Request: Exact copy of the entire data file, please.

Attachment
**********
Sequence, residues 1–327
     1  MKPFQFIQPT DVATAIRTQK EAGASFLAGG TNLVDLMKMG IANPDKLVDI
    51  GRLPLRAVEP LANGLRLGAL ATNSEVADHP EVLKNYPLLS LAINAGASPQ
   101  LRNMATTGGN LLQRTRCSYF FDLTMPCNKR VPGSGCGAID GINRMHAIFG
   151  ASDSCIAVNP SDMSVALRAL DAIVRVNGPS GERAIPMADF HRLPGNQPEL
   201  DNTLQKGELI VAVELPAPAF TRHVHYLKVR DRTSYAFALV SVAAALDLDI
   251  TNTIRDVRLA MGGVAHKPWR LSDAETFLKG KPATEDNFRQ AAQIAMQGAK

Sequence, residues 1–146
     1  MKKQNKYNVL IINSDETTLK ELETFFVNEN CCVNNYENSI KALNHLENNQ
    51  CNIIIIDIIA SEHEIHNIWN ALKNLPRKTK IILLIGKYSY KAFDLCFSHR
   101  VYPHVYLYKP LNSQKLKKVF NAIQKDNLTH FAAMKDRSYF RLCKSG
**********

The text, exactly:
Sequence, residues 1–327
     1  MKPFQFIQPT DVATAIRTQK EAGASFLAGG TNLVDLMKMG IANPDKLVDI
    51  GRLPLRAVEP LANGLRLGAL ATNSEVADHP EVLKNYPLLS LAINAGASPQ
   101  LRNMATTGGN LLQRTRCSYF FDLTMPCNKR VPGSGCGAID GINRMHAIFG
   151  ASDSCIAVNP SDMSVALRAL DAIVRVNGPS GERAIPMADF HRLPGNQPEL
   201  DNTLQKGELI VAVELPAPAF TRHVHYLKVR DRTSYAFALV SVAAALDLDI
   251  TNTIRDVRLA MGGVAHKPWR LSDAETFLKG KPATEDNFRQ AAQIAMQGAK

Sequence, residues 1–146
     1  MKKQNKYNVL IINSDETTLK ELETFFVNEN CCVNNYENSI KALNHLENNQ
    51  CNIIIIDIIA SEHEIHNIWN ALKNLPRKTK IILLIGKYSY KAFDLCFSHR
   101  VYPHVYLYKP LNSQKLKKVF NAIQKDNLTH FAAMKDRSYF RLCKSG